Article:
In at the birth of the Kermorgant.

Anyone who was there to witness Andy Campbell’s miserable penalty miss against Leeds in the 2004/05 season must be able to remember it, but whenever I have had to describe it to anyone who wasn’t at that match, I say that goalkeeper Neil Sullivan could have dived the wrong way and still got up and saved it. That’s not true of course but I was only trying to get across how woeful a penalty it was by Campbell – after all, no goalkeeper can commit themselves to going one way and then save a spot kick if the ball is moving away from them can they?

I watched Wednesday’s penalty shoot out from the opposite end of the ground and when I saw David Marshall on the floor as Yann Kermorgant’s penalty went above him, I said to no one in particular “he’s scored”, but the net never rippled and all of a sudden the City fans in the Grange End were going mad. It still didn’t register with me what had happened for a second or two and although I then knew that the penalty had been missed, it needed a look at the replay of it on the big screen to see exactly how it was missed.

The type of penalty Yann Kermorgant took is nothing new – in fact it dates back to 1976 when the Czechoslovakian midfield player Antonin Panenka won the European Championship for his country by scoring the decisive penalty in a shoot out with West Germany. Panenka’s penalty is the best that I have ever seen because, at that time, it was something truly original which required nerves of steel to try given what was riding on it. However, what Panenka  had going for him was that originality that I mentioned. The great German Keeper Sepp Maier could be forgiven for wondering exactly what had happened as he got back up with the ball behind him nestled in the net – a couple of years earlier he had been beaten in the very first minute of the 1974 World Cup Final by a penalty by Johan Neeskens which was blasted straight into the middle of the net as he dived to his right but such penalties were a rarity back then as they invariably were placed either side of the keeper.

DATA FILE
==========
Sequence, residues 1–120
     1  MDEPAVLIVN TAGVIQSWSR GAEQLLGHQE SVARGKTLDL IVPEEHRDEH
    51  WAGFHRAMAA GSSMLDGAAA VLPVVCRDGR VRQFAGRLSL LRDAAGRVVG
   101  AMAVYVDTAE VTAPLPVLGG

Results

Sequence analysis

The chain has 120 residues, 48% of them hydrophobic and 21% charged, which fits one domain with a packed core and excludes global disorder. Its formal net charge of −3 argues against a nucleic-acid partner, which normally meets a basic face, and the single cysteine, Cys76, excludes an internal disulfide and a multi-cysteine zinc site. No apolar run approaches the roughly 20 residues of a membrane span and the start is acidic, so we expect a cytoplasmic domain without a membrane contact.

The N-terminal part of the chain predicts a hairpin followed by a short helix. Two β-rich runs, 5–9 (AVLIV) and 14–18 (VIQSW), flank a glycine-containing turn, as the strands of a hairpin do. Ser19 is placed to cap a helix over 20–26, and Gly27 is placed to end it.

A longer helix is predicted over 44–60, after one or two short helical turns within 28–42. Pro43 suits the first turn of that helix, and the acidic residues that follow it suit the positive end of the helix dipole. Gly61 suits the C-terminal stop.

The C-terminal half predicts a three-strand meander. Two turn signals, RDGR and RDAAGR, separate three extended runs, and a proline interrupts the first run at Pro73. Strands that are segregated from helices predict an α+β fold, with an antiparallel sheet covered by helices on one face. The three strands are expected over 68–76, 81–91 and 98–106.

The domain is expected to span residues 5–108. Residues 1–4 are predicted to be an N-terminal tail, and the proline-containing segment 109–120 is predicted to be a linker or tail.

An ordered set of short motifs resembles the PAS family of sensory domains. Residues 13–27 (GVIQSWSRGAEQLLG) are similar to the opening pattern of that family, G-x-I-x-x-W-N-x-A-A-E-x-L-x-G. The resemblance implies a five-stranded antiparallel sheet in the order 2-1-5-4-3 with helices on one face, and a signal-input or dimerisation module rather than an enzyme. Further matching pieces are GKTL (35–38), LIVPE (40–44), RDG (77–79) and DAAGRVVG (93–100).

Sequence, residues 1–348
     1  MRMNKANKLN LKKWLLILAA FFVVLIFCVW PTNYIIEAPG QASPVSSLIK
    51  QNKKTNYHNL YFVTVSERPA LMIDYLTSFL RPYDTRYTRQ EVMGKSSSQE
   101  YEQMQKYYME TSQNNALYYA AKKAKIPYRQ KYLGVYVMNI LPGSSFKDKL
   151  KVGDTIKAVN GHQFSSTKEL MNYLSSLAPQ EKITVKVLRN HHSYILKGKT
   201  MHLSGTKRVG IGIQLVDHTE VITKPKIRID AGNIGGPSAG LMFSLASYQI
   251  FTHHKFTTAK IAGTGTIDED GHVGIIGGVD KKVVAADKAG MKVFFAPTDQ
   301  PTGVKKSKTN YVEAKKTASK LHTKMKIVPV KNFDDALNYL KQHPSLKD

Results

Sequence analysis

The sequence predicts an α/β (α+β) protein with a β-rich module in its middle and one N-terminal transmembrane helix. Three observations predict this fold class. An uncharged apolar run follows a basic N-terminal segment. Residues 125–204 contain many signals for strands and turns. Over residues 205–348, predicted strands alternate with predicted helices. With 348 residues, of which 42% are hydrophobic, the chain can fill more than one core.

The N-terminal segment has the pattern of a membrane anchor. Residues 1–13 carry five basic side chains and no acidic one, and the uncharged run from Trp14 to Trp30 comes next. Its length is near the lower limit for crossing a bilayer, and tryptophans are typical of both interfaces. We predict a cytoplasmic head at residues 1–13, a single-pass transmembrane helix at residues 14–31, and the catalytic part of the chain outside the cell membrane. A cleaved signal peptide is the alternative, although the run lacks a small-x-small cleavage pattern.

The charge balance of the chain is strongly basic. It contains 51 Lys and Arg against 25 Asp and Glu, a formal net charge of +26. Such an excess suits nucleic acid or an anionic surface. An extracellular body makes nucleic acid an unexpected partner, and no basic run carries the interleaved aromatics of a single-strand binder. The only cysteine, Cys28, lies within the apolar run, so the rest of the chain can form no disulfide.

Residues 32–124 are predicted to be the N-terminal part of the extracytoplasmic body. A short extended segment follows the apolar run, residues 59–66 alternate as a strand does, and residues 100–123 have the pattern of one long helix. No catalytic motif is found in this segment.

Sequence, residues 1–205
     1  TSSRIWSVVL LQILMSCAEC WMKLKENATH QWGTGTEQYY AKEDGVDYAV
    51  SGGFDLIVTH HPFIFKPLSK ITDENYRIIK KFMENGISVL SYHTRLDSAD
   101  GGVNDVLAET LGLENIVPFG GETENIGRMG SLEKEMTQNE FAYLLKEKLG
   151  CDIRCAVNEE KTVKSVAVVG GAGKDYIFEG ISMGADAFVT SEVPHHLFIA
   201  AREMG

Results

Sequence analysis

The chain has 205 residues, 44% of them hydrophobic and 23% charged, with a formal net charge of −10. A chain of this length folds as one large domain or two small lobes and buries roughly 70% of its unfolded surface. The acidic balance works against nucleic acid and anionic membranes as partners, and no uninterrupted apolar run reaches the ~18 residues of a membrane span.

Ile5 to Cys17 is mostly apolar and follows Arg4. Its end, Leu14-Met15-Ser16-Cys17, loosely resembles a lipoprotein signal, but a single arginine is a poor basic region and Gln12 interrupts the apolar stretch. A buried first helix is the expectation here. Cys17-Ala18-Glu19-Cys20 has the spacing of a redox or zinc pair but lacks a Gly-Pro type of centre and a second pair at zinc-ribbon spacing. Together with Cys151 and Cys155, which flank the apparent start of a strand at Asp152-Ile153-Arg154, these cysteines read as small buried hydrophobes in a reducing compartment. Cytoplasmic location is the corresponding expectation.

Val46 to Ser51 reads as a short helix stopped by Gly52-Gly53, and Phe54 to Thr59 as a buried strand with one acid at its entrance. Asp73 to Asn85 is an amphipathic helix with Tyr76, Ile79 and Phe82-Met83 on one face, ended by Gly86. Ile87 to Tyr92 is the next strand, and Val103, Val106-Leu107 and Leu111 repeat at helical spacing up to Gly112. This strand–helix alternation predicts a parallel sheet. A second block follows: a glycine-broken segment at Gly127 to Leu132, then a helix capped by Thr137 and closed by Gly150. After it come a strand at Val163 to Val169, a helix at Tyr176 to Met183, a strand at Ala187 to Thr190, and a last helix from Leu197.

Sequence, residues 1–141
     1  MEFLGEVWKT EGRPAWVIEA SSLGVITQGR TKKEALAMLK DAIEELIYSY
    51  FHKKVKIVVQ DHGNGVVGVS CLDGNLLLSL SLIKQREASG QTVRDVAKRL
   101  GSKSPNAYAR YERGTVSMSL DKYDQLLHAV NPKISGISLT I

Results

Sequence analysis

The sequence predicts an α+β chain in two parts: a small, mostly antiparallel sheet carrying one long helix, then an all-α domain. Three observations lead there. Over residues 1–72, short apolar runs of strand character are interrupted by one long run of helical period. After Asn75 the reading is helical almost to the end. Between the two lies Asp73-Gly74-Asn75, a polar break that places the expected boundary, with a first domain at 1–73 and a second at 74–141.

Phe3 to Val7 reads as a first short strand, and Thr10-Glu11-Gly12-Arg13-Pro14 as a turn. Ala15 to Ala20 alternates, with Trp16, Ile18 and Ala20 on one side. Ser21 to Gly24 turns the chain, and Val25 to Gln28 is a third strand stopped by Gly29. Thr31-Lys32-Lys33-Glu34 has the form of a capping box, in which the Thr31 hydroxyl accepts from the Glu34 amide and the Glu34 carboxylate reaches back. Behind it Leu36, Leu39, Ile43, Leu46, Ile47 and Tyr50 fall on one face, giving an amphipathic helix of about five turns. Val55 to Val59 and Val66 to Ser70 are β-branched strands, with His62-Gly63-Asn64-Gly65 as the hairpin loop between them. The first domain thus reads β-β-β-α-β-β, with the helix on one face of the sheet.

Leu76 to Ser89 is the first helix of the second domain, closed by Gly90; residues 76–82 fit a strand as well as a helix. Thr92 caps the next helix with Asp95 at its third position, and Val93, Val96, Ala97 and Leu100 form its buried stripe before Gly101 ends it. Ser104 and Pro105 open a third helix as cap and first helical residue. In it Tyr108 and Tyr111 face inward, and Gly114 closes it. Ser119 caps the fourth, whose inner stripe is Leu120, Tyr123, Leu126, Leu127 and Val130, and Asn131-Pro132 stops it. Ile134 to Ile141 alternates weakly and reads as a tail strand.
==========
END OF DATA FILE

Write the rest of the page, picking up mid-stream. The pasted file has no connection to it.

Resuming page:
Panenka’s penalty began to change things though as players began to take up the option of hitting the ball down the middle more and so goalkeepers probably now have to consider the option of staying where they are as well as diving left or right. Understandably, players choosing the option of going down the middle mainly tend to hit the ball with power – our own Peter Whittingham tends to mix his penalties up a bit, but he opted for down the middle on Wednesday and, off the top of my head, I can remember him doing the same in the home match with West Brom and the away game with Sheffield United this season. Players using this method have to be very unlucky if the keeper saves the penalty having decided to go one way or the other as the only way the shot can be kept out really is by the ball hitting the keeper’s legs – much the same applies to the Panenka type penalty, but, if it is executed properly, the ball should be too high for the keeper’s trailing leg to become a factor.